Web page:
I took the survey and when the results came out this week, I “compared” them to the known occupations of my own female ancestors, almost all of which were not paid professions.
Because most of the census records for my female ancestors list their occupations as "Keeping house" or are simply blank, I relied heavily upon ancestors' recollections.
For example, one of my great-great grandmothers, Mary Emiline, was enumerated as "Keeping house" when in fact she was a wet nurse. Not that she didn't keep house as well!
Much like her mother before her, my maternal grandmother, Aristis, was “Keeping house.” For her, that meant running the family farm, complete with orchards of fruit trees, truck patches of vegetables and at least three hogs and dozens of chickens, for several years. Somehow (apparently by being the most organized person on the planet!) she also bore and raised eight children, cooked, canned, cleaned, sewed, embroidered pillowcases, ironed sheets, helped with homework, and played ball with her kids.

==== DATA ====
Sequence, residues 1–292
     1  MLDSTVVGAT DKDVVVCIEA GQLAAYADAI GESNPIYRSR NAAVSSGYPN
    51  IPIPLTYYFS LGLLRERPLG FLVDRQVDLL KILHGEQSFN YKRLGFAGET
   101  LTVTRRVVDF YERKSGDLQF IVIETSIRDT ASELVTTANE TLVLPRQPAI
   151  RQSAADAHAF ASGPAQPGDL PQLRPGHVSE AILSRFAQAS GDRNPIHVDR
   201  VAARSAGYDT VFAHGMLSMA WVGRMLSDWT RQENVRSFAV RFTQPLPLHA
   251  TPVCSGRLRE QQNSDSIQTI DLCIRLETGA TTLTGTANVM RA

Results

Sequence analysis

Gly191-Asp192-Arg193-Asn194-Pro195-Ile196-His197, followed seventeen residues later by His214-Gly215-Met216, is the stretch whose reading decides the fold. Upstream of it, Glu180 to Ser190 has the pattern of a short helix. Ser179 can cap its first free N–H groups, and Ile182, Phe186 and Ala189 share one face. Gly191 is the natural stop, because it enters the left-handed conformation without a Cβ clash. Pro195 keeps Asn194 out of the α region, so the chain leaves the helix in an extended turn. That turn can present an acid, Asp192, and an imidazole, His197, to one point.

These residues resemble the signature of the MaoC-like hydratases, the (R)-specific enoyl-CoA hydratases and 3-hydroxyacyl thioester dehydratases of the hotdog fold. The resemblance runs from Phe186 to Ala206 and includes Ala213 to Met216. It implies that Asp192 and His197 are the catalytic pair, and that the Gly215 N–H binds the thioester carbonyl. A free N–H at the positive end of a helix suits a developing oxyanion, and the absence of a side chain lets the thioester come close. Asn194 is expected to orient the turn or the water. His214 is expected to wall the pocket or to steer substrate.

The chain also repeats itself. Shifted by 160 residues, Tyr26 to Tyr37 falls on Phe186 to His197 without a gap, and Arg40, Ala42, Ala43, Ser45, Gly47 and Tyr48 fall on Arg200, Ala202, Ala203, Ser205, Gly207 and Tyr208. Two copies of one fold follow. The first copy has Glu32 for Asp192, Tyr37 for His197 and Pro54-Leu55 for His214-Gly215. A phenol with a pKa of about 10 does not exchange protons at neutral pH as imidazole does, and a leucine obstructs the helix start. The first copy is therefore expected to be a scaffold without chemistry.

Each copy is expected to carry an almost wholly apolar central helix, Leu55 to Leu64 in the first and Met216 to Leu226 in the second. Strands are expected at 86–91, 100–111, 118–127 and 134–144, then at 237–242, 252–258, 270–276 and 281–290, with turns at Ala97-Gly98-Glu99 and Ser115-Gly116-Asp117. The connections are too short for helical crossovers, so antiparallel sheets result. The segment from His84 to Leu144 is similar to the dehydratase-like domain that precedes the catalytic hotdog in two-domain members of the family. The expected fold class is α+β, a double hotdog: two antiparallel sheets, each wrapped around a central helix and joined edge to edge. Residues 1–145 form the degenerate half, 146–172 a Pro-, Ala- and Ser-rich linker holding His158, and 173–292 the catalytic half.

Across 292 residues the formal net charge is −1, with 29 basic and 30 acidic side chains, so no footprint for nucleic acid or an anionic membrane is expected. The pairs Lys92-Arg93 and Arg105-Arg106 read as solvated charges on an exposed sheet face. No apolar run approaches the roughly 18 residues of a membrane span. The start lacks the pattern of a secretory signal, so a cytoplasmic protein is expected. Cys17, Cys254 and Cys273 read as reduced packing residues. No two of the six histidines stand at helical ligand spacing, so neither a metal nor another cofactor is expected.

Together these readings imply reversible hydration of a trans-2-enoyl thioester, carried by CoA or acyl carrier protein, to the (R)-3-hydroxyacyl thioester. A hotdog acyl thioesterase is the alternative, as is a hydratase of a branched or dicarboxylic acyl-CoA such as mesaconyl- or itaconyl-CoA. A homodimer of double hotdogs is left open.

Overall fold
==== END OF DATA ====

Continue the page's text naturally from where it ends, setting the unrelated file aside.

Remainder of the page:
I don’t know.
I strongly believe Nana only slept two hours a night for 10 years while Granddaddy was off working wherever he was able to find work. But, I digress.
Keeping in mind you could have more than one answer, the survey results for the top five professions were:
domestic servant 33%
The bottom five were:
social worker 3%
beautician or hair stylist 4%
midwife and laundress tied at 5%
Only two of my 19 female ancestors had income earning occupations. The rest toiled to simply provide for their families.
According to the National Women's History Museum website, between 1880 and 1930(the Progressive Era) in the rural areas of the south and the west, "Forty-four percent of African American women were farm workers."
 Laura Decomb-DiPesa, “A History of Women in Industry,” 2007, National Women’s History Museum https://www.nwhm.org/online-exhibits/industry/5.htm: accessed 10 May 2016, p. 7.